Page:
London schools have been hardest hit by school strikes, with fewer than one in five fully open


Ondon was the worst hit region in the country by the latest teachers’ strikes, with less than one in five schools fully open to pupils.

Data from the Education Ministry showed that only 18% were fully open on both days in the capital, while 18% and 17% of schools were fully closed on Wednesday and Thursday, respectively.

Tens of thousands of members of the National Education Union (NEU) took part in a long-running pay dispute in two consecutive days of strikes across England.

Most schools in England closed their doors to some students due to teachers’ industrial action, data showed.

The Department of Education said 47% of the 16,100 known state-funded schools were fully open on Wednesday, while 47% were open but restricting attendance, and 6% were closed.

As of Thursday, an estimated 46% of the 16,200 schools were fully open, with 47% open but attendance restricted, and 6% closed.

Meanwhile, just 14% of secondary schools were fully open on Thursday, compared with 53% of elementary schools and 31% of special schools.

This meant parents had to make arrangements to look after their children as most schools were either fully or partially closed to students.

Education Secretary Gillian Keegan first invited the NEU to formal talks on teachers’ salaries three weeks ago, on condition that the union’s planned strikes be called off.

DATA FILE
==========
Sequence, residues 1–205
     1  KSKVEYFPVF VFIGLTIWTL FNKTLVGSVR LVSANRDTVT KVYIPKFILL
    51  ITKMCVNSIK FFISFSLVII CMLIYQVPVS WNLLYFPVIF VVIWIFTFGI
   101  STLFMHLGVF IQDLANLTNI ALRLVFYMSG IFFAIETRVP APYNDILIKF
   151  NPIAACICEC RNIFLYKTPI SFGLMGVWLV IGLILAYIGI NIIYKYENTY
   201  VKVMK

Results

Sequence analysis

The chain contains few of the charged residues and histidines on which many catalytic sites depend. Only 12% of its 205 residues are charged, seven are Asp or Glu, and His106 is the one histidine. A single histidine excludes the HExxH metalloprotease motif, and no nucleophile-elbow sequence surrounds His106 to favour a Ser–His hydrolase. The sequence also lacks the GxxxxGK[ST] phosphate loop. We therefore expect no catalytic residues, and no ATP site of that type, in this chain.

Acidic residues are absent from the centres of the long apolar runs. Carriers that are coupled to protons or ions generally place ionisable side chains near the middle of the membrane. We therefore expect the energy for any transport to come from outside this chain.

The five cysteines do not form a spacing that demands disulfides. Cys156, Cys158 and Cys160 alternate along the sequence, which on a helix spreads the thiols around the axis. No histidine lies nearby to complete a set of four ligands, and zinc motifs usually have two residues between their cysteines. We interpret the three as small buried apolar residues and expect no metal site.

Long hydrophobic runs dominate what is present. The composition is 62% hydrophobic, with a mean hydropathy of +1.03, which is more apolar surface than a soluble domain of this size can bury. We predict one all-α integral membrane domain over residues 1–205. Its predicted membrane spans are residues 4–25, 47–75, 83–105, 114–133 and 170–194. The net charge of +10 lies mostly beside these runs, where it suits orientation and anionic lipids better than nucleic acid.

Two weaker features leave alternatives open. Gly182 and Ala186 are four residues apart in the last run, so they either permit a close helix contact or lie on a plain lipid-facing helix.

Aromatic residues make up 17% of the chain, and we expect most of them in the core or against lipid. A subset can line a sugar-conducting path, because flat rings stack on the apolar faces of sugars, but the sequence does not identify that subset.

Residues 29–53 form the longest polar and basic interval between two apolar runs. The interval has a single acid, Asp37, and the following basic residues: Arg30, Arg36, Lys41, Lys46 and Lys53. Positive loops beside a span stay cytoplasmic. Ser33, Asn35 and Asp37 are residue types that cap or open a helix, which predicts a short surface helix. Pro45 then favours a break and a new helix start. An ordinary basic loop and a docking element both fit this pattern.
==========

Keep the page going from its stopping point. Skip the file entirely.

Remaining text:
But the NEU refused to suspend strike action in England until Ms Keegan makes a salary offer that could end the dispute.

On Thursday, striking members of the Rail, Shipping and Transport Union (RMT) also disrupted 14 rail companies that were pulling out in a long-running dispute over wages, jobs and working conditions.

Trains started later than normal at around 7:30am and finished earlier than usual at around 6:30pm.

Operators such as CrossCountry, Great Western Railway, Northern and Southeastern were affected.

Across Britain, between 40% and 50% of normal weekday services were supposed to run, but some areas had no trains all day.

The disruption is expected to last until Friday as many trains will not be in usual depots overnight.

Tens of thousands of staff at 150 universities across the UK – including academics, librarians, technicians, security and catering workers – began a five-day strike on Thursday. London schools have been hardest hit by school strikes, with fewer than one in five fully open

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